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FOR THE PRESS

20 May 2008 Annals of Internal Medicine Tip Sheet

Annals of Internal Medicine is published by the American College of Physicians on the first and third Tuesday of every month. These highlights are not intended to substitute for articles as sources of information. For a copy of an article, call 1-800-523-1546, ext. 2656, or 215-351-2656, or visit www.annals.org. Past highlights are accessible as well.

1. Subclinical Thyroid Disease May Be Associated with a Modest Risk for Heart Disease

(NOTE: This article is being released early online at www.annals.org. It will appear in the June 3, 2008, print edition of the journal.)

2. Sequential Therapy Appears Superior to Standard Therapy for Eradicating H. pylori

An evaluation of all randomized, controlled trials comparing sequential and standard triple therapies in patients with documented, previously untreated H. pylori infection found that sequential therapy appears superior to standard triple therapy for eradication of H. pylori infection. Authors say if further trials confirm these findings, 10-day sequential therapy could become a standard treatment for H. pylori infection in patients who have not received treatment.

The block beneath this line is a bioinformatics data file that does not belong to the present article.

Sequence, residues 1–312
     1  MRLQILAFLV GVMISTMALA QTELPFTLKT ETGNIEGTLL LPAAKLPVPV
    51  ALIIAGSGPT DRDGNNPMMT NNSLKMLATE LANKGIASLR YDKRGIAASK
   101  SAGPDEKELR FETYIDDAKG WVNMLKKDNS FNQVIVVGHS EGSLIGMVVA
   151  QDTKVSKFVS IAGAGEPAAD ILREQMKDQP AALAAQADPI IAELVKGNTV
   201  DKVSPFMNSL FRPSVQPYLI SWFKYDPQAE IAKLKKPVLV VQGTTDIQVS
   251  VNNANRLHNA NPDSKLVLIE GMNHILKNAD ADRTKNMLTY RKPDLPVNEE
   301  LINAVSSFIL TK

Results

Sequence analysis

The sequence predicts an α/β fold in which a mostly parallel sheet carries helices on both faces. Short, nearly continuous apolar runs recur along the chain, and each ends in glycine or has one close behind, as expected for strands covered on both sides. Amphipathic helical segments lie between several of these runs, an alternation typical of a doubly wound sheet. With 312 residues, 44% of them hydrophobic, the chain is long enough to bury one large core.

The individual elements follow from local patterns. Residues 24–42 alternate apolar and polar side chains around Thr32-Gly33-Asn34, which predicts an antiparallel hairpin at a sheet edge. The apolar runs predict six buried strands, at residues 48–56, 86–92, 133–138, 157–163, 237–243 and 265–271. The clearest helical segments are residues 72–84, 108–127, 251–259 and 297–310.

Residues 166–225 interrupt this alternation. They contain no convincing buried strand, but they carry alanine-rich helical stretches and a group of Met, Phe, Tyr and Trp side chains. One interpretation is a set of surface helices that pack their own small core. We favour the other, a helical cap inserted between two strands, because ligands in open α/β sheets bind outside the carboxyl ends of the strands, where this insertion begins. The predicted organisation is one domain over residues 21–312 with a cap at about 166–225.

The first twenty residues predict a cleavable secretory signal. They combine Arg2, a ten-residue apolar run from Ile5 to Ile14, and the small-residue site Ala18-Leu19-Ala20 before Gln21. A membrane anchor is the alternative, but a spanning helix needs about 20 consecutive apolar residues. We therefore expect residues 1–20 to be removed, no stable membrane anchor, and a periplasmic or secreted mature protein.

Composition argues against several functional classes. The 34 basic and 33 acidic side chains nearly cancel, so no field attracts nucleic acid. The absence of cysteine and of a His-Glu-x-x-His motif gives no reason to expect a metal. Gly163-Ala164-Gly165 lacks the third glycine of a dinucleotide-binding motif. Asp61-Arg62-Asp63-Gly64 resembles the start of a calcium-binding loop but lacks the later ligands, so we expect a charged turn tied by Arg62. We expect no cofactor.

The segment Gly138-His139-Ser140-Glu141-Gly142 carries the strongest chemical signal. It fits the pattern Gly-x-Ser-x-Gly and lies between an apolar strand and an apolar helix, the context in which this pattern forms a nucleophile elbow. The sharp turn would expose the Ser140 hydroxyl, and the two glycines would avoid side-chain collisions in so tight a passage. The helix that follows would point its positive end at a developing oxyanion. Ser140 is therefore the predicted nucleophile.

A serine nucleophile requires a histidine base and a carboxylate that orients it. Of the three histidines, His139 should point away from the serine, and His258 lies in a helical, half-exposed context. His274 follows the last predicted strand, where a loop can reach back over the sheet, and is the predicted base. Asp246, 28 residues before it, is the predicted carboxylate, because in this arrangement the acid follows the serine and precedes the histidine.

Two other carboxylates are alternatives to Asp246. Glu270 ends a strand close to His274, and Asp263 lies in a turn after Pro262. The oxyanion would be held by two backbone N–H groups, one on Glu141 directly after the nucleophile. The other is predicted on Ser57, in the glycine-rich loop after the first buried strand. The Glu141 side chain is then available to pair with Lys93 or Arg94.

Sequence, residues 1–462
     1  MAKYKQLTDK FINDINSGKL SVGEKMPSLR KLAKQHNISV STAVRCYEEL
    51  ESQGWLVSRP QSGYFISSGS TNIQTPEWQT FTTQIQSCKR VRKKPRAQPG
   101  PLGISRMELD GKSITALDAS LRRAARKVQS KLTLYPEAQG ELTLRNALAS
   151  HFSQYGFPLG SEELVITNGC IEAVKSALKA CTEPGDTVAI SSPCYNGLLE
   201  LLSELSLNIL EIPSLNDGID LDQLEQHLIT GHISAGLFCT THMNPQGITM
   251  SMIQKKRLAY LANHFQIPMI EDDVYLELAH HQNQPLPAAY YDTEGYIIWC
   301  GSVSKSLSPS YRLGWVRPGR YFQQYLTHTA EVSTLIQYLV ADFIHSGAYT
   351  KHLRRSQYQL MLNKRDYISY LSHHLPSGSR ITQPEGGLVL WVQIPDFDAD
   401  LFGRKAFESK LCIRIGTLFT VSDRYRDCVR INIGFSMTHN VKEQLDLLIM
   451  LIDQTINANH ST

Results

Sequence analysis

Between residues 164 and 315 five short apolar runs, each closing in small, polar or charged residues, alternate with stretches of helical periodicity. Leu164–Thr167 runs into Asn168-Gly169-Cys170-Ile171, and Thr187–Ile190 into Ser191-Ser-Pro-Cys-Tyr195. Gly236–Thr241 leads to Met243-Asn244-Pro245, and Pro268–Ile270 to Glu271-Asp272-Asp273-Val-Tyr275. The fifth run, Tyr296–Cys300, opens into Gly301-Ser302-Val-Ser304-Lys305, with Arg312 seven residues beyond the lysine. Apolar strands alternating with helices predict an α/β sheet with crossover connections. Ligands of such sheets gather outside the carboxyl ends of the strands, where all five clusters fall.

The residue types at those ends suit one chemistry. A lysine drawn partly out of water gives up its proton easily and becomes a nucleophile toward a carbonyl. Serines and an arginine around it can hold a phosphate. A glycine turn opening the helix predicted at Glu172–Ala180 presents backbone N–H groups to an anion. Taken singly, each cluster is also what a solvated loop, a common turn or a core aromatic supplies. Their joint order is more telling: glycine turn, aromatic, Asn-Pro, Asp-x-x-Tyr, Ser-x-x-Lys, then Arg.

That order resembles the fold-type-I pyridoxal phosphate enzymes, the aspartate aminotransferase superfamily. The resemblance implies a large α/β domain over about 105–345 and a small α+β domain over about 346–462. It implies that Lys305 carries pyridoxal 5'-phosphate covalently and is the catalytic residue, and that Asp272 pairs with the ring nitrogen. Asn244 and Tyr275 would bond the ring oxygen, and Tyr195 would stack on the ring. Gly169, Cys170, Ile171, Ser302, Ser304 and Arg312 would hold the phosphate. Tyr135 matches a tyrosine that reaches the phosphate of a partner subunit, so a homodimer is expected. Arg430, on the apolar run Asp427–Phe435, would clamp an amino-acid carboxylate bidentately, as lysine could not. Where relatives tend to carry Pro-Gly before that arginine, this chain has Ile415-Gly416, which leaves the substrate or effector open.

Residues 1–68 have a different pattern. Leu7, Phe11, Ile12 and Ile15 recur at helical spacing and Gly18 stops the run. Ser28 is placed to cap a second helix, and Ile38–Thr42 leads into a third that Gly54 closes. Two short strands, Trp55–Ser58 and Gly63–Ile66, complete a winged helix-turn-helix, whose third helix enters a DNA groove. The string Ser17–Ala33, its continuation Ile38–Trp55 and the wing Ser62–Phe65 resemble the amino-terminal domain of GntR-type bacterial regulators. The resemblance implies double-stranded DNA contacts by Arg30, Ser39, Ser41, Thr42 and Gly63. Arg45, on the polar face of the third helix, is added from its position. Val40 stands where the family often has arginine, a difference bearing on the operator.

(NOTE: This article and editorial is being released early online at www.annals.org. It will appear in the June 17, 2008, print edition of the journal.)

3. Study Finds Physicians Often Do Not Adjust Medications When They Are Uncertain If an Elevated Blood Pressure Reading Is Correct

Editorial writers offer two paradigms for treatment. (Article, p. 717; Editorial, p. 783.)

4. Study Finds HIV-Infected People Have a Higher Risk of Some Common Cancers

A new study compared the incidence of different types of cancer among HIV-infected people with the incidence in the general population in the United States between 1992 and 2003 and found that certain cancers were more frequent among HIV-infected patients than among the general population (p. 728). Besides cancers that are common with AIDS, these included vaginal, liver, lung, mouth or throat, colon, and kidney cancer, leukemia, and melanoma. Authors say that patients with HIV infection and their doctors should be alert for signs of these types of cancer.


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